The “Science” of Embarrassment
Going to a university in a foreign country is, well, different. Towson, my home university, is a medium-sized state school. It is quite a transition to now attend an international school with around 600 bachelor’s students. There are so many little differences, such as not being on a smoke-free campus and having three-hour classes.
One of the small differences is that teachers here use a program called ‘Knowledge’ which contains all of our course work. This is where a little (but very important) document was located for my first day of my science lab. I, of course, did not even think to open the program.
So, I rolled out of bed and prepared to leave my cozy apartment at 7:20 am. With it being my birthday week, I took the time to straighten my hair and throw on a cute pair of boots. I caught the early bus (quite a miracle) and rushed down to the information desk to ask where my lab would be located since the teacher had not emailed this information or posted a notice in the main building.
The nice lady there told me to go down to the gym. My initial thoughts: the gym, a lab in the gym. I wonder if it’s because the room is bigger than the classrooms.
When I finally find the gym, every single girl in the class is changing into gym clothes. I ask multiple people if they are in my science lab, and to my dismay they all are. Long story short, I was the only one unaware that we were doing a cardio workout to measure our heart rates.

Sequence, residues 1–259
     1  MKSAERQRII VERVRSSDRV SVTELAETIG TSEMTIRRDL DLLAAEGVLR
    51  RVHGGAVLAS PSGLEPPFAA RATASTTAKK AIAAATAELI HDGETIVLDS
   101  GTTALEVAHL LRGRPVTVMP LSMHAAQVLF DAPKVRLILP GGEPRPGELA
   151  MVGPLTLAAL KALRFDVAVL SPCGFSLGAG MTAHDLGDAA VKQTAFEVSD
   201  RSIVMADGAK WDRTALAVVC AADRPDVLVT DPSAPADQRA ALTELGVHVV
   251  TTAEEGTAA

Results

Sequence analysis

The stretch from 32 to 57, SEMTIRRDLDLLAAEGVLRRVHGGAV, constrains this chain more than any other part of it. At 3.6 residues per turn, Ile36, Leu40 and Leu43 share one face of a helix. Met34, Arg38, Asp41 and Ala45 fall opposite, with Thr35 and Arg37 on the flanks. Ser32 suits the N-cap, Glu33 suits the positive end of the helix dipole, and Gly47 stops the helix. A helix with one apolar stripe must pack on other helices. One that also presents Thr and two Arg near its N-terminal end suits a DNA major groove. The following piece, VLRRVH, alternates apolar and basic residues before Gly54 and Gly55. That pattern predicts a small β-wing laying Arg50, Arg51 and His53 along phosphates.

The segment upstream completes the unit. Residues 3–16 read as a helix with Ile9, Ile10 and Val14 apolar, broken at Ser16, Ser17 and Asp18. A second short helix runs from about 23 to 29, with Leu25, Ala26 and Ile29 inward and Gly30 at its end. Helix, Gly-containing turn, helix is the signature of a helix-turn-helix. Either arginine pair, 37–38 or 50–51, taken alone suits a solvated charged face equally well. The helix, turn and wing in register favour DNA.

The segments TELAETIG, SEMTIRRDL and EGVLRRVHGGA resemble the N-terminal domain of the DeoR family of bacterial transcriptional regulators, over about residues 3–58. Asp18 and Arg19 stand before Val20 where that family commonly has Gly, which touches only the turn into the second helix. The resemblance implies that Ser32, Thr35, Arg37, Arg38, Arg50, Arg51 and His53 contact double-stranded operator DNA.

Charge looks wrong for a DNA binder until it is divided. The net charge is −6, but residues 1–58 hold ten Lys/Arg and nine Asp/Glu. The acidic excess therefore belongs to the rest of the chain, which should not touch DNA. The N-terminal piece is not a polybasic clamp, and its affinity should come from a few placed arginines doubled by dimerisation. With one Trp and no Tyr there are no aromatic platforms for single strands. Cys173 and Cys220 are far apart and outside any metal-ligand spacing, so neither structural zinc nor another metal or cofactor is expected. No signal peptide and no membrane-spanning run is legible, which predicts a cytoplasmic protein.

I kept checking my bag to see if a magic pair of sneakers would appear or at least a water bottle, but no, I was the only one unprepared.
I did my jump roping, mountain climbers, running, and the other six stations in my boots, counting down the minutes until I could leave. At my home university, I never would have missed the notice that our lab would be a fitness class for the day to measure our heart rates. I never would have had those three torturous hours in class but equally, I wouldn’t have this awfully hilarious story.
Yes, school abroad is different and strange situations occur. You may miss the only bus that gets you to school on time, and have to come up with a plan B—that’s actually funny story for another time.
Abroad, you do face culture shock and notice weird things that you aren’t used to. But, locals can also point out all of the weird things that Americans do. Every school, country, even town has something unique about it. We learn as we go, and have fun doing so.
As I walk twenty feet out of my door to take pictures of the sea for a photography project, I am grateful to live in this hidden gem of a town. I love the strange pop hits that play in the hallway during breaks and the tiny coffee cups that come out of vending machines. Everything that makes this school different is what makes it where I want to be. These differences define my new home, and a culture that I hope to become part of.
Laura Bastings is the Spring 2016 CEA MOJO Blogger in the French Riviera, France. She is currently a sophomore at Towson University.